People talk about how strong the racing industry is because of the large purses it is offering. Thanks to large purses, horsemen are doing well, blacksmiths, grooms, and people growing the hay are doing well. Of course, this is due to the state providing purse subsidies from slots. If not for these subsidies, many tracks would race for about 10% of the current purse level, resulting in many owners, horsemen, trainers, grooms, blacksmiths, hay producers, and breeders going out of business. No wonder horsemen fight so hard for slots or maintaining subsidy levels.
Now, let's say the state gave a subsidy to another industry to produce its product. As a result of this subsidy, workers are making good salaries; people who grow bamboo, make beads, and producing wire are kept employed. Only one problem, there is no real demand for the end product by the general public, after all when was the last time you saw someone use an abacus? The state has a financial problem. Should they continue to keep the abacus manufacturing industry strong by providing them with assistance keeping all those people employed or should the state re-route those funds to something which would benefit the general public even though it would put many people out of work? If you are honest to yourself, there is a good chance you will say the abacus industry should not be supported.
So the next time you are racing in front of an empty grandstand or your mutuel pools are minuscule, ask yourself if racing is a strong industry.
What is particularly frustrating, other than offering guaranteed pools, you don't hear much about doing anything to improve the demand for the racing product. Little talk about takeout rates or new wagering types. No one suggesting the industry attempt to take back business from the ADWs by forming a partnership to operate an ADW to compete against the existing ADWs. No one talking about solving the problem of late odd changes after a race goes off, curtailing the number of race days to have the product match the demand for it so we may have pools worth wagering into, nothing about making owners accountable for the sins of their trainers when they gravitate towards questionable trainers, talk about getting rid of beards. All we hear about is closing backstretches and reducing costs. For an industry which is not doing all that well, it seems the status quo would not be acceptable, yet with the exception of the rare few, the status quo seems to be acceptable.
How do you handicap horses of layoffs? HANA Harness has an article regarding this.
Exchange wagering may be coming to California, more specifically at Los Alamitos. The thoroughbred horsemen and trainers keep refusing to give their blessing on exchange wagering so TVG has approached Los Al regarding introducing exchange wagering. The CHRB will be voting on the issue at their next board meeting. Apparently, the standardbred industry has plenty in common with thoroughbred horsemen, in particular the fear of trying anything new for fear it will hurt purse accounts. What should happen is if approved, Los Al should have exclusive rights to exchange wagering in the Golden State for a period of five years; stupidity of the horsemen and owners should be punished. In the meanwhile, no action seems to be taking place in New Jersey regarding exchange wagering, another state which has legalized it.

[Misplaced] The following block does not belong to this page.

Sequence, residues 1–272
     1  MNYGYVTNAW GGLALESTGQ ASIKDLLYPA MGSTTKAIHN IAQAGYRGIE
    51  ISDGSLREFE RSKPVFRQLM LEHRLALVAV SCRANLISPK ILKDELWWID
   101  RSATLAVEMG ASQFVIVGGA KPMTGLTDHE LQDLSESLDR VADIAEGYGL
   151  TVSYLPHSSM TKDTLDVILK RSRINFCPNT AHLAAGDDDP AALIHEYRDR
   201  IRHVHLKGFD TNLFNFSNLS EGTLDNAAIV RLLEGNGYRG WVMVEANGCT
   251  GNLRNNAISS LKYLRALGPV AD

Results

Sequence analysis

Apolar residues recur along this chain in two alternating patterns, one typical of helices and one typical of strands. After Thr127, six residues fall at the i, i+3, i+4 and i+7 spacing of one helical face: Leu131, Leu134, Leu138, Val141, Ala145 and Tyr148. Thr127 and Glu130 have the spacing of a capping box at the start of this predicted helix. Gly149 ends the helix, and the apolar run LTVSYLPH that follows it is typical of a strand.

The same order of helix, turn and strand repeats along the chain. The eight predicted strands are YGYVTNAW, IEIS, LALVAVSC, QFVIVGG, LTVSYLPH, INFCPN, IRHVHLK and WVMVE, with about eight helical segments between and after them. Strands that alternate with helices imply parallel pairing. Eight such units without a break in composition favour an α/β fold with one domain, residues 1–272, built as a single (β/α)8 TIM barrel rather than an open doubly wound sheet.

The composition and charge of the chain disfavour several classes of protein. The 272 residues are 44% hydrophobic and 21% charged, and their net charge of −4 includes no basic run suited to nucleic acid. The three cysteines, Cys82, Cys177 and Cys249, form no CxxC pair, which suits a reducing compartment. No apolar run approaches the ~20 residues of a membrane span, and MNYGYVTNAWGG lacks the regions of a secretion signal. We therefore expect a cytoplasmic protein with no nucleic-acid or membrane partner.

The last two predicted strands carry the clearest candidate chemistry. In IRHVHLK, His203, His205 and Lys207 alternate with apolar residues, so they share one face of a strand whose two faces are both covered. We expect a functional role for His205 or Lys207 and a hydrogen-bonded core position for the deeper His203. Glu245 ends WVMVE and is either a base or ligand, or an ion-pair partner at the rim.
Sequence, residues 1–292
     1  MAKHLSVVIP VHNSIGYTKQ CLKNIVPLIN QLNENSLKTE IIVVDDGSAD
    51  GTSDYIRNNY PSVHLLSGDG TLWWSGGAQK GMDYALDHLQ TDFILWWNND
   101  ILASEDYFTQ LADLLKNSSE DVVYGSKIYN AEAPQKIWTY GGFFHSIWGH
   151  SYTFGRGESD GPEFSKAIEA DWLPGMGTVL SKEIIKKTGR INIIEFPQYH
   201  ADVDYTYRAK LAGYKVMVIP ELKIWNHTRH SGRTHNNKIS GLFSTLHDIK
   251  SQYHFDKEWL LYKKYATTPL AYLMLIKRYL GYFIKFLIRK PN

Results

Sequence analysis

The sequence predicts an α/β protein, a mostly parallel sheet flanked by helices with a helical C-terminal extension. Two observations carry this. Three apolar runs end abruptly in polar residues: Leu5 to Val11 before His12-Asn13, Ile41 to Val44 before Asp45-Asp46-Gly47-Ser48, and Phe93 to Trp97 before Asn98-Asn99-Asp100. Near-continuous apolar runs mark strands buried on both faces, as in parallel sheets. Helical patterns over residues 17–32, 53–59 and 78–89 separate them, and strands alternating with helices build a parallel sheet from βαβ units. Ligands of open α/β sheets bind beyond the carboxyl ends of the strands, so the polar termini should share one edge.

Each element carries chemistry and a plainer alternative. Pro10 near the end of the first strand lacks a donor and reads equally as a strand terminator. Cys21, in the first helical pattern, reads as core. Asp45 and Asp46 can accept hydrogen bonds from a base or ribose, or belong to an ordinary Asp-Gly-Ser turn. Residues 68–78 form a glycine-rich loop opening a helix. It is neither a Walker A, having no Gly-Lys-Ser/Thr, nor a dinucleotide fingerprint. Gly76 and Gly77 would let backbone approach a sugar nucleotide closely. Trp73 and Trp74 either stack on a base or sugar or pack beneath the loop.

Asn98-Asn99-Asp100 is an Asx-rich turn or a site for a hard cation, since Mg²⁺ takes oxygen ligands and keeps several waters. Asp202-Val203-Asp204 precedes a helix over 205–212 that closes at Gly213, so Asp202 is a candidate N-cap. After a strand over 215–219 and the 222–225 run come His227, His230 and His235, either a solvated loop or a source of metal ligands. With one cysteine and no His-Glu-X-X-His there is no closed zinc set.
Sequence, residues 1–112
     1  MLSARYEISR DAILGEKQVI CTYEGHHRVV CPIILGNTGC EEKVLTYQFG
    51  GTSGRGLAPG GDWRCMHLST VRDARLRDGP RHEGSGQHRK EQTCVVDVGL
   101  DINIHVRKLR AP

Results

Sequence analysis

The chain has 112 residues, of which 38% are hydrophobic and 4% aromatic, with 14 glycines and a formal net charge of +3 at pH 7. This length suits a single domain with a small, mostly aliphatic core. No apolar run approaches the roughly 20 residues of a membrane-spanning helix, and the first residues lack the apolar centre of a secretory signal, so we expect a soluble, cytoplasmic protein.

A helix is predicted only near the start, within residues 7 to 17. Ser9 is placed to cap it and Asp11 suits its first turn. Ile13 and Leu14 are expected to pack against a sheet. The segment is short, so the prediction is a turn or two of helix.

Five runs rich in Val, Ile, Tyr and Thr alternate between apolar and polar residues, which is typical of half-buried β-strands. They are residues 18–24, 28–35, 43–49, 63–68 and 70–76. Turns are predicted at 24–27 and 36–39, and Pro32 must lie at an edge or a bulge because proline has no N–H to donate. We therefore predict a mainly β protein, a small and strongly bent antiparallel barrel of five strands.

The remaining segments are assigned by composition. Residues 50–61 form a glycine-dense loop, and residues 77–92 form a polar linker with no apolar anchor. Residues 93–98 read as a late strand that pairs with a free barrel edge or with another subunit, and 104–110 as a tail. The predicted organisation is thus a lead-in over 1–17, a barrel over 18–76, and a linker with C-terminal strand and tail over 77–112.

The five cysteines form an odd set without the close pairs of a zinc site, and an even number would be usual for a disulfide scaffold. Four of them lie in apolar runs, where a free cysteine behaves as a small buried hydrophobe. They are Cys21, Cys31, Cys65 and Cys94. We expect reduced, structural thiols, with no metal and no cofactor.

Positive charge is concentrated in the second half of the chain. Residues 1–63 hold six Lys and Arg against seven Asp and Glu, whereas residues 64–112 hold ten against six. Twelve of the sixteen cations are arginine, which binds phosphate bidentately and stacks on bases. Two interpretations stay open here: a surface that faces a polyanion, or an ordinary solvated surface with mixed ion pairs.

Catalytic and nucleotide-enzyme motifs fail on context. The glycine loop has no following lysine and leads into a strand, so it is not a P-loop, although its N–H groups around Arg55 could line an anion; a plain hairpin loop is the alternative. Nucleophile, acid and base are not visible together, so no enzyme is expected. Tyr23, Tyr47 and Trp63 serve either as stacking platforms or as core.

Tioga Downs is offering a $500 bonus for the trainer of each winning horse on their July 4 program. It will be interesting to see if the racing gets more competitive or not.
Bill Finley writes for ESPN about Googoo Gaagaaa, in particular about the success trainer Richard Hans is having with this pacing-sired trotter. Make no mistake, Googoo Gaagaa is this year's feel good story in harness racing, something the sport sorely needs in the year of the druggist. When it comes to breeding, the Hans basically threw out the rulebook, albeit by necessity. It is far too early to say, but wouldn't it be great if Googoo Gaagaa becomes the next Vivid Photo, coming off the beaten path to dominate the sophomore crop? Time will tell.
I failed to mention yesterday that starting next week, Yonkers Raceway will be increasing their guarantee for their late Pick 4 on Tuesday evenings. The new guarantee will be $25,000.
Thanks to SBOANJ publicist Carol Hodes for bringing the website Recollections to my attention. This website goes down memory lane in harness racing, primarily concentrating in Canada. The current featured article deals with the life of 'Jack' Campbell, the late father of Jim and John Campbell who recently passed away. Those who have an interest in the good ol' days may very well want to bookmark this website.
I came upon a nice article about thoroughbred jockey Rosemary Homeister Jr. and how she is currently doing double duty as a jockey and mother of a nine month-old at Arlington Park. Perhaps the most interesting thing about the article was the part how gender bias is not the issue it once was in thoroughbred racing. Shame the same can't be said about harness racing where if you don't own it, women don't get a chance to go behind the sulky in races. For harness racing to seriously attract female players, we need women in the sulkys.